There is a revised Form NA for making a Part 36 offer for use with the revised Part 36 rules. However, the revised form is still not available. of such offers. 1. Should a Part 36 offer be made on the standard form? The standard form NA may be used but it is not obligatory to do so. There is a specific form NA, however, an ordinary letter could also be sufficient Currently there is no prescribed form, so a letter would be sufficient. Further.

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This can cause difficulties if you consider that you have a watertight claim or defence: In those circumstances, the court will order the defendant to pay:. Which approach is adopted will depend on the circumstances; in particular, the nature of the counterclaim and the extent of the legal costs on both sides. It is important to note that the consideration of rejected Part 36 offers only come into effect after the issues of liability and quantum have been decided.

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Form N242A: Notice of offer to settle (Section 1 – Part 36)

For example, a defendant that does not consider that the claimant should recover all its costs in vorm of its handling of the matter. In those circumstances, the offeror then has seven days from the date of acceptance to apply to the court for permission. If accepted within that period, the claimant will automatically be entitled to its costs up to acceptance.

Clarification requests are therefore often used tactically, for example to extract information at the pre-action stage, or as a means of extending the relevant period as you can argue that the date the additional information is provided is the date the relevant period begins. The fact that a Part 36 offer has been made and the terms of such an offer must not be communicated to the trial judge until the case has been decided.


Part 36 is a self-contained code which, as a whole, contains a carefully structured and highly prescriptive set of rules dealing with formal offers to settle proceedings which have specific consequences in relation to costs in those cases where the offer is not accepted, and the offeree fails to do better after a trial.

Part 36 can be used in respect of issues in the case but may not be used in relation to interim applications in respect of which the court will exercise its usual discretion as to costs under CPR Once made, Part 36 offers remain open for acceptance until withdrawn, and, as such it displaces the common law.

C gets costs up to the date of acceptance if within the relevant period — D recovers costs from expiry A court is unlikely to grant permission unless the offeror can show a sufficient change of circumstances so that it is in the interests of justice to grant permission, such as the discovery of new evidence which puts a wholly different complexion on the formm.

Although not strictly required under Part 36, parties have n422a criticised in the past for not making the costs consequences clear, particularly where the claimant is a litigant in person.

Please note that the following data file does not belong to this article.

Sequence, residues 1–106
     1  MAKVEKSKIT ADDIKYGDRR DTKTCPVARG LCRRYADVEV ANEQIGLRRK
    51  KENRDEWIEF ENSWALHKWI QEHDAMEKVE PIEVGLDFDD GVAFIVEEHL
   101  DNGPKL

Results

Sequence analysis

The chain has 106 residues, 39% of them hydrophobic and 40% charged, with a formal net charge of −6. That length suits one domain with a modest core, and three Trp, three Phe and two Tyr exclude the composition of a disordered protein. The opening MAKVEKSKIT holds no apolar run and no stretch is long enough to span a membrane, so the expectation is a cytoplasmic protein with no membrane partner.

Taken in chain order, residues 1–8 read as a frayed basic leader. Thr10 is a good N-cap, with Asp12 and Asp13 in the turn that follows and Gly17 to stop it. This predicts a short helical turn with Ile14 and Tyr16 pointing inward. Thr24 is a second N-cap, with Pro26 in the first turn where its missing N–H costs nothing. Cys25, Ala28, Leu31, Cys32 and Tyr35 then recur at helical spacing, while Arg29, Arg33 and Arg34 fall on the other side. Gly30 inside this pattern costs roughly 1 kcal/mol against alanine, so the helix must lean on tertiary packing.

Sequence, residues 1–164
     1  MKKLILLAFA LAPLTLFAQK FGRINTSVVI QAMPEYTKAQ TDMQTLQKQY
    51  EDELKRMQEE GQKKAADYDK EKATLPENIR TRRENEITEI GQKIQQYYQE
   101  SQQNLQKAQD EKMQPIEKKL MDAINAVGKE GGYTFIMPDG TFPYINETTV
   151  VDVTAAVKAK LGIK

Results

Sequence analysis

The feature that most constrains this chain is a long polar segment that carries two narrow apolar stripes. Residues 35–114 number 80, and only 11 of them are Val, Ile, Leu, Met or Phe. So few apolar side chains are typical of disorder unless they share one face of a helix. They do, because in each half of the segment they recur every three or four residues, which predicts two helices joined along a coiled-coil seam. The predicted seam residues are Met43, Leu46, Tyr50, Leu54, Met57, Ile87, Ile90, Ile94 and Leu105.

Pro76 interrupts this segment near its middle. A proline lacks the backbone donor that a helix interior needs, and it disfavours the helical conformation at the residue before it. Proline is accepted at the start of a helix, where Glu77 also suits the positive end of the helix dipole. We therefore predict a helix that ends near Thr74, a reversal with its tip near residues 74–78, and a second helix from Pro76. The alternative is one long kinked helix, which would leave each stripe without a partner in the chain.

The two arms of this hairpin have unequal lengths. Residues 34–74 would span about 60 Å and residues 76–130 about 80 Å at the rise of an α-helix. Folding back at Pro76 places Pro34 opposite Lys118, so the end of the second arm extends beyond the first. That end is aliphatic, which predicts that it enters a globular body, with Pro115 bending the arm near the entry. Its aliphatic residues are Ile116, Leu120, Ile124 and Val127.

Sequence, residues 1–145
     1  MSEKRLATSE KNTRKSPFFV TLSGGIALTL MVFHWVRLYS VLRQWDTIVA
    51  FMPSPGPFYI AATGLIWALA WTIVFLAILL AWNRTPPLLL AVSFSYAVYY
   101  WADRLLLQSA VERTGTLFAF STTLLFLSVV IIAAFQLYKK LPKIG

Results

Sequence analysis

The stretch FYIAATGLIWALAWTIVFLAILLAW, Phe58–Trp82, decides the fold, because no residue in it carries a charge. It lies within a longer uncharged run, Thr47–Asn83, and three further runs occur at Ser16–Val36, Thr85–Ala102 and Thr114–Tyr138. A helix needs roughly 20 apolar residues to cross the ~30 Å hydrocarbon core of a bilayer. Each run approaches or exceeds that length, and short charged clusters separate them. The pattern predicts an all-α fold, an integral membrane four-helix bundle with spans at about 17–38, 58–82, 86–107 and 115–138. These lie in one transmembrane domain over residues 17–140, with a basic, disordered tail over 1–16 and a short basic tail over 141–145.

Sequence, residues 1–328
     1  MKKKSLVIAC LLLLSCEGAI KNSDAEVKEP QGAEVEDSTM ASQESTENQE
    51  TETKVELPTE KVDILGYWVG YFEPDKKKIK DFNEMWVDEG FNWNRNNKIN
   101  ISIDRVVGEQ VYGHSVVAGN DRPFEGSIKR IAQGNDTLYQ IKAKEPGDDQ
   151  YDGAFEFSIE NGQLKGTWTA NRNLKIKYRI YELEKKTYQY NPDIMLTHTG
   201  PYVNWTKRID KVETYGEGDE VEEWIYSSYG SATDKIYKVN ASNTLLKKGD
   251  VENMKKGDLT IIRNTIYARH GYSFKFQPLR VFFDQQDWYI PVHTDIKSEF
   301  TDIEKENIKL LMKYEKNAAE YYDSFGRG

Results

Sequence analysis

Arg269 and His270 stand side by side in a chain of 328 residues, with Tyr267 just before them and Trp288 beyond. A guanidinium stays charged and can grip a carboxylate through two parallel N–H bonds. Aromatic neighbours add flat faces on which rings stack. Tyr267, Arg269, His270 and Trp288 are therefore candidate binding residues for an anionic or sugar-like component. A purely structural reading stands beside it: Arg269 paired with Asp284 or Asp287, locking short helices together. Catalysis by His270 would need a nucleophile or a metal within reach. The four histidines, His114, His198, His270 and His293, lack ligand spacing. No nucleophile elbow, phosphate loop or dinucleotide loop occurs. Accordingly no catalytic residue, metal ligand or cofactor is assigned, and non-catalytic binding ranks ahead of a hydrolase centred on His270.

Without prejudice offers to settle

What is genuine will always be dependent on the circumstances and, in particular, the strength of the parties’ arguments. Or simply for completing and signing forms with your daily professional or business activities. However, the courts have made it clear that significant breaches as well as a conjunction of a number of minor ones could j242a the offer as Part 36 offer.

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It has been necessary to re-number the revised Part To do that, a defendant should make it clear that the original offer still stands and should set out the costs consequences of accepting that offer.


In the course of doing so the interest entitlement could be taken to account. However, the costs consequences may justify it, particularly if the offer is made after substantial legal costs have been generated.

That said, it may be argued by the defendant, particularly if the interest rate is unreasonable. Those are also known as Part 36 offers because the provisions are contained in Part 36 of the Civil Procedure Rules. However, where settlement is not achieved and a party wants to make an offer for costs protection purposes, a Calderbank offer is recommended. Unfortunately, the CPRC sub-committee did not take the opportunity to clarify this.

The position is obviously different where an offeree attempts to accept the offer during the relevant period.

Prior to this, courts had decided whether a claimant had beaten offers in monetary claims by applying a strict financial comparison. If a Part 36 offer is withdrawn, it will not have the usual Part 36 costs consequences.

Like other forms of settlement it can be used to settle all or any part of a claim, monetary or otherwise. Foem relevant period will start once the offer is served on the offeree. Currently there is no prescribed form, so a letter would be sufficient. Where previously it was possible to make a Part 36 offer in an appeal from a tribunal decision HM Revenue and Customs v Blue Sphere Global Ltdit would seem that this is no longer possible.